Wildlife and Nature Protection Society celebrates 125 years
By Jithendri Gomes and Dimithri Wijeainghe
Photos: Krishan Kariyawasam
On 29 May, the Wildlife and Nature Protection Society celebrated 125 years with a fantastic forum discussion on conservation at BMICH. The forum was an interactive edition of its monthly lecture series with short presentations made by four experts in their respective fields covering four major issues affecting conservation in Sri Lanka today. They covered both land and sea. The presentations were followed by a panel discussion and questions from the audience. The auditorium was full of wildlife experts and enthusiasts and just as the organising committee and panel had hoped, the attendees were also interactive, sharing their comments and thoughts.
All the speakers shared their findings and insights gathered on their separate journeys.
The discussions were largely focused on what the general public could do at a grassroots level to further conservation efforts, with many sharing their thoughts on how best to contribute in their own way.
A particularly interesting addition was by Ranjit Seneviratne, a retired member of the UN Food and Agriculture Organisation (FOA) in Italy, who provided that he had managed to grow a “forest” in his garden at home – a concept referred to as agroforestry. He shared that this was a highly viable method, and a step in the direction the world should be headed in the new agricultural age.
There was also an interesting thought shared, and silently agreed upon, by the majority in reference to the impact of green parties in international forums – the extent of the impact they have been able to make on the global environmental and wildlife conservation front by being solely focused on politics that impact wildlife. While this was a closing note at the event, members of the audience did not fail to suggest that the WPNS adopt said role in Sri Lanka in the future.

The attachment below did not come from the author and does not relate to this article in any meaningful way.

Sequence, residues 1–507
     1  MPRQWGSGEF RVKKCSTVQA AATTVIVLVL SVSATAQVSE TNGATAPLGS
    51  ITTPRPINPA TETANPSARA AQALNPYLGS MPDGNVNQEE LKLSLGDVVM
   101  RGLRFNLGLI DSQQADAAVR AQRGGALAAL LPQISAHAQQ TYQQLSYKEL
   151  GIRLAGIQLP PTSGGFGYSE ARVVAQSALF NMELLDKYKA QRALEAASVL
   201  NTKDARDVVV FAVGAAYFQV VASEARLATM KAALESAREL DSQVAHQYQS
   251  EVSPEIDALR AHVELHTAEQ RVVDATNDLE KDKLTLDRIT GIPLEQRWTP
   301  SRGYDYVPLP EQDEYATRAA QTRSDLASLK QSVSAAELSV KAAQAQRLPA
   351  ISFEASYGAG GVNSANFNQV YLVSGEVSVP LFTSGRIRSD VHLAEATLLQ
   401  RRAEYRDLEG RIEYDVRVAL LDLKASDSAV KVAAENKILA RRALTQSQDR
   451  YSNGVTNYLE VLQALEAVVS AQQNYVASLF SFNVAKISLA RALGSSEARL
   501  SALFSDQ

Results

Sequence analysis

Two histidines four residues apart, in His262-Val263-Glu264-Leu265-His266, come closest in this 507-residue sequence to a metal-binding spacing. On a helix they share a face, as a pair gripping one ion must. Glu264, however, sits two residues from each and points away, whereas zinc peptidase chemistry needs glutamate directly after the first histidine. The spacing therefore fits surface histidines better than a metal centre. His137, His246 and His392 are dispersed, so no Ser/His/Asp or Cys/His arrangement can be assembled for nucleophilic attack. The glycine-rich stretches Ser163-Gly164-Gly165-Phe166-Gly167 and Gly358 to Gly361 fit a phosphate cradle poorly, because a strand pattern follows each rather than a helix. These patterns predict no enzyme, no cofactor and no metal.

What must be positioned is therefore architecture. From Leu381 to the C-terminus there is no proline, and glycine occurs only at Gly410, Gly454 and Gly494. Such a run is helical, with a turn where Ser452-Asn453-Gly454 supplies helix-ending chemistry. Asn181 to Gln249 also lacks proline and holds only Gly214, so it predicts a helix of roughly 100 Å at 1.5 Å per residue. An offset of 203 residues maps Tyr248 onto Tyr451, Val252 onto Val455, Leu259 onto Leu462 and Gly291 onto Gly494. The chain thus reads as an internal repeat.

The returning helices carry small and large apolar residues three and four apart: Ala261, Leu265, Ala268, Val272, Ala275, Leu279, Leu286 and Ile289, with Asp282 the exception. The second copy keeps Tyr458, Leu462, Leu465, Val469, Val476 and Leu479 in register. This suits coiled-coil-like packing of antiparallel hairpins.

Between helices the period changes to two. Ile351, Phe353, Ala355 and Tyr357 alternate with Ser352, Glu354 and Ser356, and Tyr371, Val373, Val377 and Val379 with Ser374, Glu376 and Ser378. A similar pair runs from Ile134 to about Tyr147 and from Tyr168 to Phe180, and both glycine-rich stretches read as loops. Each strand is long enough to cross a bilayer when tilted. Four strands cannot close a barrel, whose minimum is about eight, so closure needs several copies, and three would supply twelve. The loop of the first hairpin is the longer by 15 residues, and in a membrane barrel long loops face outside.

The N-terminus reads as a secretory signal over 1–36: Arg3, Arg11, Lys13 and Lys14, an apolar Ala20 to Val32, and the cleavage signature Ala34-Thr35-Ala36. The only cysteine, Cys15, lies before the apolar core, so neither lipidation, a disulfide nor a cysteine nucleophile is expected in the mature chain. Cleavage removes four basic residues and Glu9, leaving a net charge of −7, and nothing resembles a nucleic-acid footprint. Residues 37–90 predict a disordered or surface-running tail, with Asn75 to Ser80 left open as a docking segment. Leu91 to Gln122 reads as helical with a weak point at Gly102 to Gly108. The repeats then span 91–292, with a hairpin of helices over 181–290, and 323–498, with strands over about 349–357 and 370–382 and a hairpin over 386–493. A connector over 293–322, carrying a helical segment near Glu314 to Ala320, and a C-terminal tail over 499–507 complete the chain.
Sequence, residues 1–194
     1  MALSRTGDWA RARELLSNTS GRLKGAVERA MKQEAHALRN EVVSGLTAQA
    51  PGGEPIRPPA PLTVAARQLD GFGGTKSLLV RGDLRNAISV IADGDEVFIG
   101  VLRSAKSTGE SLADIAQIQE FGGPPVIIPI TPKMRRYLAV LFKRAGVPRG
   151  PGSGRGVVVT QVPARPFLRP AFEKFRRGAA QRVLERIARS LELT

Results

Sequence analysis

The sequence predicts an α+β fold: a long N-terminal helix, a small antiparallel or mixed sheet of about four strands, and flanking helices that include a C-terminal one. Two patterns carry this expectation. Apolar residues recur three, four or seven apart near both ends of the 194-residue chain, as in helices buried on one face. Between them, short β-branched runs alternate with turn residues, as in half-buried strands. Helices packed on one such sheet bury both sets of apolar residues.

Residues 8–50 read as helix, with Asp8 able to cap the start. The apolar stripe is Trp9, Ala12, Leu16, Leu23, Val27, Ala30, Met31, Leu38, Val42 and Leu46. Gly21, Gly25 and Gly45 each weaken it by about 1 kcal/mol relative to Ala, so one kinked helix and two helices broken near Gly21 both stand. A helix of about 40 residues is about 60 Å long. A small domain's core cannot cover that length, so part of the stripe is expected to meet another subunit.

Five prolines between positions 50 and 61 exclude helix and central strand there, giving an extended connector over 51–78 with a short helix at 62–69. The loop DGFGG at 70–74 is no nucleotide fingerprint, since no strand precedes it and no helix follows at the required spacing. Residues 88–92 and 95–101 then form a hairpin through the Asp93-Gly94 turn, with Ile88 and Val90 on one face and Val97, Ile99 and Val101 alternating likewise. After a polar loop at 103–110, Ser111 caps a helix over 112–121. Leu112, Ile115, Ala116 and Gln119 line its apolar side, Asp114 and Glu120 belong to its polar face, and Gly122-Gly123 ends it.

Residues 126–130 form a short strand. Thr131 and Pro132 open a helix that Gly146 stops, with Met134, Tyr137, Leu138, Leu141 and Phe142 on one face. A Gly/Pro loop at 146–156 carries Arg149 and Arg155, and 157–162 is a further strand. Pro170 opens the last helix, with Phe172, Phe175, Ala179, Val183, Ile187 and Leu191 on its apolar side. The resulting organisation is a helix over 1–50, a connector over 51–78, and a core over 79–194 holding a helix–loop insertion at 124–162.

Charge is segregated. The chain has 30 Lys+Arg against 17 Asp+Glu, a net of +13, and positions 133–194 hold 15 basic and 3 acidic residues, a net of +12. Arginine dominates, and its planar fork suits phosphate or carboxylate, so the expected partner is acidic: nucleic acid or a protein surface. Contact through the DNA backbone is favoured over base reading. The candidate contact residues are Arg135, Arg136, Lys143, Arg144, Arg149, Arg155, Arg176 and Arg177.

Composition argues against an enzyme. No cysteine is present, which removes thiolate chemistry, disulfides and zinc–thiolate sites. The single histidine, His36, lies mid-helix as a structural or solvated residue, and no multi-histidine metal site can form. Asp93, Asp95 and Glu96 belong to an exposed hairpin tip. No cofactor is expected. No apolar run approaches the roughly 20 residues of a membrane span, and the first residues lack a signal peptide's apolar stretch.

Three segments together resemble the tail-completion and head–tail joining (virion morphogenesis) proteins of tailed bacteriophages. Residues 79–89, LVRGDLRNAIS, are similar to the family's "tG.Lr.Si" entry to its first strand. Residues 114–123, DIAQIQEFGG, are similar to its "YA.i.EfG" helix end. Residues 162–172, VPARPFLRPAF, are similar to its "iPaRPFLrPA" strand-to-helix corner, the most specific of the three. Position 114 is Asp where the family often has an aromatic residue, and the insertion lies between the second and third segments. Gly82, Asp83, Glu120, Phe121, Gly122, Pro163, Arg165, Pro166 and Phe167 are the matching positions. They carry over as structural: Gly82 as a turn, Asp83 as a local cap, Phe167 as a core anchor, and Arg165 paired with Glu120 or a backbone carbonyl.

Dr. Sumith Pilapitiya did a fantastic job of moderating.
Sri Lanka at a crossroads
Amongst the discussions that transpired, Dr. Sumith Pilapitiya’s opening statement prior to the panellists’ talks proved to be an eye-opener. He provided that Sri Lanka is at a crossroads in conservation, as “conservation” appears to be happening almost by itself, and that most of what is effective seems to be happening by default.
However, while political interference had been on the rise, there is a glimmer of hope as the Department of Wildlife Conservation had adopted an in-house management procedure without the use of any international or outside consultants. However, why it had taken so long to come to this point remains a mystery.
Dr. Pilapitiya added that all conservation-related agencies should come under the purview of one ministry, and not many, which may have conflicting mandates.
For example, the Ministry of Mahaweli Development and Environment would focus on development while the Ministry of Tourism Development and Wildlife would make the choice of either focusing on tourism or protecting wildlife.
He explained that the ministry under which conservation falls should not have any mandate other than to conserve.
He also explained that a minister’s role is to provide direction on policy. However, he explained that in Sri Lanka, unfortunately, ministers also influence administrative and management decisions, which are to be made by the respective agencies, thereby making it a convoluted system.
Current attitude towards conservation in Sri Lanka
The panellists also discussed the public’s attitude and efforts towards conservation.